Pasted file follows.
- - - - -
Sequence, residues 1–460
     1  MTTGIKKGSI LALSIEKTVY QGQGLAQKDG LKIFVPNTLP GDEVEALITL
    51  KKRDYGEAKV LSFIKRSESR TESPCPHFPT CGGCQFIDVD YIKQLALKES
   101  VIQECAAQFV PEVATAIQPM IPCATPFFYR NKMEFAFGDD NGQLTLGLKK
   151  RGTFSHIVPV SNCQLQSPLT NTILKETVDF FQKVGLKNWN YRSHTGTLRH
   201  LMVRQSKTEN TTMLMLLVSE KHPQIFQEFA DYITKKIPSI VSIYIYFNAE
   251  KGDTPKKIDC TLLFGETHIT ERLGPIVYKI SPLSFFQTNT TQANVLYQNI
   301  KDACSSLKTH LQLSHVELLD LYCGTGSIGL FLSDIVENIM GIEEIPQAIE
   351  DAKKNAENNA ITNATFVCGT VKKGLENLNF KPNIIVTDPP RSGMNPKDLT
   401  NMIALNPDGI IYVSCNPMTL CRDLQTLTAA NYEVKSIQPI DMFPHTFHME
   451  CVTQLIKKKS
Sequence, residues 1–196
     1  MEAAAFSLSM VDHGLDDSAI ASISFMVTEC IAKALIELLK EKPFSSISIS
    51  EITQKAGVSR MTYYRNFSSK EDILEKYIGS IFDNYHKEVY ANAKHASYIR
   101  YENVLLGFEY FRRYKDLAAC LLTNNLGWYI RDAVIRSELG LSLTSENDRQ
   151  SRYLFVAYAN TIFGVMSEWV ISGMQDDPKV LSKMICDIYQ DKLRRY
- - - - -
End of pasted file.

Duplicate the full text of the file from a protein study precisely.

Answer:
Sequence, residues 1–460
     1  MTTGIKKGSI LALSIEKTVY QGQGLAQKDG LKIFVPNTLP GDEVEALITL
    51  KKRDYGEAKV LSFIKRSESR TESPCPHFPT CGGCQFIDVD YIKQLALKES
   101  VIQECAAQFV PEVATAIQPM IPCATPFFYR NKMEFAFGDD NGQLTLGLKK
   151  RGTFSHIVPV SNCQLQSPLT NTILKETVDF FQKVGLKNWN YRSHTGTLRH
   201  LMVRQSKTEN TTMLMLLVSE KHPQIFQEFA DYITKKIPSI VSIYIYFNAE
   251  KGDTPKKIDC TLLFGETHIT ERLGPIVYKI SPLSFFQTNT TQANVLYQNI
   301  KDACSSLKTH LQLSHVELLD LYCGTGSIGL FLSDIVENIM GIEEIPQAIE
   351  DAKKNAENNA ITNATFVCGT VKKGLENLNF KPNIIVTDPP RSGMNPKDLT
   401  NMIALNPDGI IYVSCNPMTL CRDLQTLTAA NYEVKSIQPI DMFPHTFHME
   451  CVTQLIKKKS
Sequence, residues 1–196
     1  MEAAAFSLSM VDHGLDDSAI ASISFMVTEC IAKALIELLK EKPFSSISIS
    51  EITQKAGVSR MTYYRNFSSK EDILEKYIGS IFDNYHKEVY ANAKHASYIR
   101  YENVLLGFEY FRRYKDLAAC LLTNNLGWYI RDAVIRSELG LSLTSENDRQ
   151  SRYLFVAYAN TIFGVMSEWV ISGMQDDPKV LSKMICDIYQ DKLRRY